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1976, Oslo. Lives in New York City.

‘The World Is Yours’ reads the message from a sign located on the rooftop of the Deniz Palas in Şişhane, Beyoğlu. Einarsson’s contribution to the Biennial is a promise so hollow that it verges on cruelty. With the obvious shortcomings of its offer, the sign addresses a key element of any biennial: the naïve notion of self-empowerment.
Taking the film Scarface (1983) as his starting point, Einarsson appropriates the credo of the main character Tony Montana. Arriving in Miami with nothing, the Cuban refugee Montana ruthlessly builds up the city’s strongest drug empire of the early 1980s. The World Is Yours declares the self-made and hard-working Montana’s right to what the world has to offer him: a lifestyle and mindset in line with that of the young male yuppies of the decade.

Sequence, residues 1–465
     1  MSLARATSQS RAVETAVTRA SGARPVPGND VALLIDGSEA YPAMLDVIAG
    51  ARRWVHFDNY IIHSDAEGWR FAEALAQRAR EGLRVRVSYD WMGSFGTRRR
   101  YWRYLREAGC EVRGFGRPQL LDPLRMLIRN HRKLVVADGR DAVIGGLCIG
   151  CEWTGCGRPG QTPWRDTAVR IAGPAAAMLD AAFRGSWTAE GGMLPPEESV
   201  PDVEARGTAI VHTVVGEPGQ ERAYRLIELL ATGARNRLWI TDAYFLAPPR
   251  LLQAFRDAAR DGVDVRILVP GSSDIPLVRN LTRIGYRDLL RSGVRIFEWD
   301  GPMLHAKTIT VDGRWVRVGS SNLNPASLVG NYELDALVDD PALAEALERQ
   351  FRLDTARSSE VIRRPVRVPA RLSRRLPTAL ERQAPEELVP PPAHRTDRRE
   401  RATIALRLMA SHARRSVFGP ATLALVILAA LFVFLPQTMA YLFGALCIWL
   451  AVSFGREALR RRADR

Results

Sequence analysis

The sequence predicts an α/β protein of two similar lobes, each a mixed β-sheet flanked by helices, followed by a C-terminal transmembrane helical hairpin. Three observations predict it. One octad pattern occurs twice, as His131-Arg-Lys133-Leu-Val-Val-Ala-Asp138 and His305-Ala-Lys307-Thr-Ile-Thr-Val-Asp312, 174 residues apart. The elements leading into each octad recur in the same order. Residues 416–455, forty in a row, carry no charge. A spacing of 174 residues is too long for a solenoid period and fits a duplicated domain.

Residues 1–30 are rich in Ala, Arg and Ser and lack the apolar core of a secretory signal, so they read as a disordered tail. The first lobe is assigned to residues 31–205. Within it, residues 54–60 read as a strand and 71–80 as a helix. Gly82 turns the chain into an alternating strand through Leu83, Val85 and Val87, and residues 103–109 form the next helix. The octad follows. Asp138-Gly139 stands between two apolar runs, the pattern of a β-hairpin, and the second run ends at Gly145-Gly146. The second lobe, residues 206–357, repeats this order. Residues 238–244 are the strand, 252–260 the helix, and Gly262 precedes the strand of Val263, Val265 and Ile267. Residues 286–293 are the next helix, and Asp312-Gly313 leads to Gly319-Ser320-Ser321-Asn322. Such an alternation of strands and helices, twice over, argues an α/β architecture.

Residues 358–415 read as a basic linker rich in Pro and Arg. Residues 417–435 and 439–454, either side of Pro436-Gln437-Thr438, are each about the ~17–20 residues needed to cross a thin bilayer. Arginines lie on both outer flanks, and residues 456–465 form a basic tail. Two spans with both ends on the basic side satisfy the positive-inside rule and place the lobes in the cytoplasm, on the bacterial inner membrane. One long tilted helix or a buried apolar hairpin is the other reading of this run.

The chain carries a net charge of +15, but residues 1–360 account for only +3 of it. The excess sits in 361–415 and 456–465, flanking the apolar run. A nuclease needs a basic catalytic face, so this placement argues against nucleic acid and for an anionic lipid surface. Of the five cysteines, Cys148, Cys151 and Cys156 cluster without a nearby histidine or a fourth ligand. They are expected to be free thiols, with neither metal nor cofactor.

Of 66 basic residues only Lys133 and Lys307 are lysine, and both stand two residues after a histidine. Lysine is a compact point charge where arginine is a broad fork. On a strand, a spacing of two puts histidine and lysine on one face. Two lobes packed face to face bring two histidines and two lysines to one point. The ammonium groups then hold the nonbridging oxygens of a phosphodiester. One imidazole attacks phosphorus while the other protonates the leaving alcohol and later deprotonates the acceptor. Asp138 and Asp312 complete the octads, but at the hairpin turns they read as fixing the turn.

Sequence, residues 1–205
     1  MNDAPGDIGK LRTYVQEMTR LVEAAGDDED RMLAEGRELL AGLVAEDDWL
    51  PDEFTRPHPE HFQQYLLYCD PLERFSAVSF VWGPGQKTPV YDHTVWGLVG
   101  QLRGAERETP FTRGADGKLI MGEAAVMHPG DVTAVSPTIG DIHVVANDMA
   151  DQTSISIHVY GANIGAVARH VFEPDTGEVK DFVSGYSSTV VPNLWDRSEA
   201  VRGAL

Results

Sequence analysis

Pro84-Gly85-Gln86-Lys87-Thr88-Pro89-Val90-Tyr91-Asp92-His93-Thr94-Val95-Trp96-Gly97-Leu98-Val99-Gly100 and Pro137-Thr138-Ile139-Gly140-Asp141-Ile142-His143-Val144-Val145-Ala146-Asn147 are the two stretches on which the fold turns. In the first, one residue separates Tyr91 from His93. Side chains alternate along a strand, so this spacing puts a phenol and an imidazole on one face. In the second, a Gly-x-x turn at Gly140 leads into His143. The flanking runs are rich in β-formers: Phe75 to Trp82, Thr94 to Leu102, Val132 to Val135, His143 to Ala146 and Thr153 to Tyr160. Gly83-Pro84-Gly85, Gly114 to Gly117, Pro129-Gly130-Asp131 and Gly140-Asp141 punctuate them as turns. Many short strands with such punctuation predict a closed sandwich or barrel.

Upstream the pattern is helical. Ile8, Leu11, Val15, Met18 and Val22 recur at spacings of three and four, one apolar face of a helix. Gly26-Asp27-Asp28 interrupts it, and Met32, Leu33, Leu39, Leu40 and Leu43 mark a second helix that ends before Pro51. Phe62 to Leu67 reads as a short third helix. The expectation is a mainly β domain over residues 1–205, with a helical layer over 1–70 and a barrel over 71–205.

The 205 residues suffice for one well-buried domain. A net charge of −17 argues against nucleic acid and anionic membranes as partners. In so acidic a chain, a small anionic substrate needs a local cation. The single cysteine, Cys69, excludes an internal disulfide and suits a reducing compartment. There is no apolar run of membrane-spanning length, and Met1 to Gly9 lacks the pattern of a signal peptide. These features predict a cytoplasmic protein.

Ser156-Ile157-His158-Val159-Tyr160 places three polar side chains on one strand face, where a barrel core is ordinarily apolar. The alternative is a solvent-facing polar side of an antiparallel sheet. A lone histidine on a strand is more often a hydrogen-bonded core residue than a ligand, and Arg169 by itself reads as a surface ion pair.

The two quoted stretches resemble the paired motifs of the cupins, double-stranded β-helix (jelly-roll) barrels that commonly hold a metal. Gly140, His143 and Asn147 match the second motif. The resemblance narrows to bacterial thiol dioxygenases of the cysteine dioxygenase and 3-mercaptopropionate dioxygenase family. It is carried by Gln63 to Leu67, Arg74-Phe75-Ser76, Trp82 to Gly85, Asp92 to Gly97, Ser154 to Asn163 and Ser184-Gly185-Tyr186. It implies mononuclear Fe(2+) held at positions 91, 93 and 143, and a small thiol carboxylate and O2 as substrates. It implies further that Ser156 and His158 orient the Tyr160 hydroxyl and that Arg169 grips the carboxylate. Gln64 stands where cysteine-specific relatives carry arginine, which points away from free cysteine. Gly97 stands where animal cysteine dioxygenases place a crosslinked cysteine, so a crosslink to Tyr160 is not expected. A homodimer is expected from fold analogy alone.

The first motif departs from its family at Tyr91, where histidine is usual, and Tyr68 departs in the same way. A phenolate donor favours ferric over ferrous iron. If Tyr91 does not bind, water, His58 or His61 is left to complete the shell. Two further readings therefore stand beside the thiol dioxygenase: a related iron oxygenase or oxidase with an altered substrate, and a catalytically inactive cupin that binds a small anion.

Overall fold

Introduced to the context of the Biennial, the slogan both nurses a sense of entitlement and serves as a dark greeting. At a time when the production and distribution of art is becoming ever more geographically decentralised and no single city can rightly claim to be the capital of contemporary art, any city whatsoever is free to place itself at centre-stage. The slogan equally greets the city’s aspirations of self-empowerment and the artists’ idea of the biennial as a career opportunity. More than simply addressing the notion of the biennial as a ‘discovery channel’ for young artists, Einarsson’s work implies the question of whether the periphery is able to challenge the centre, or whether the periphery still has to follow the discourse of the centre, or come to the centre in search of legitimisation.

Eivind Furnesvik


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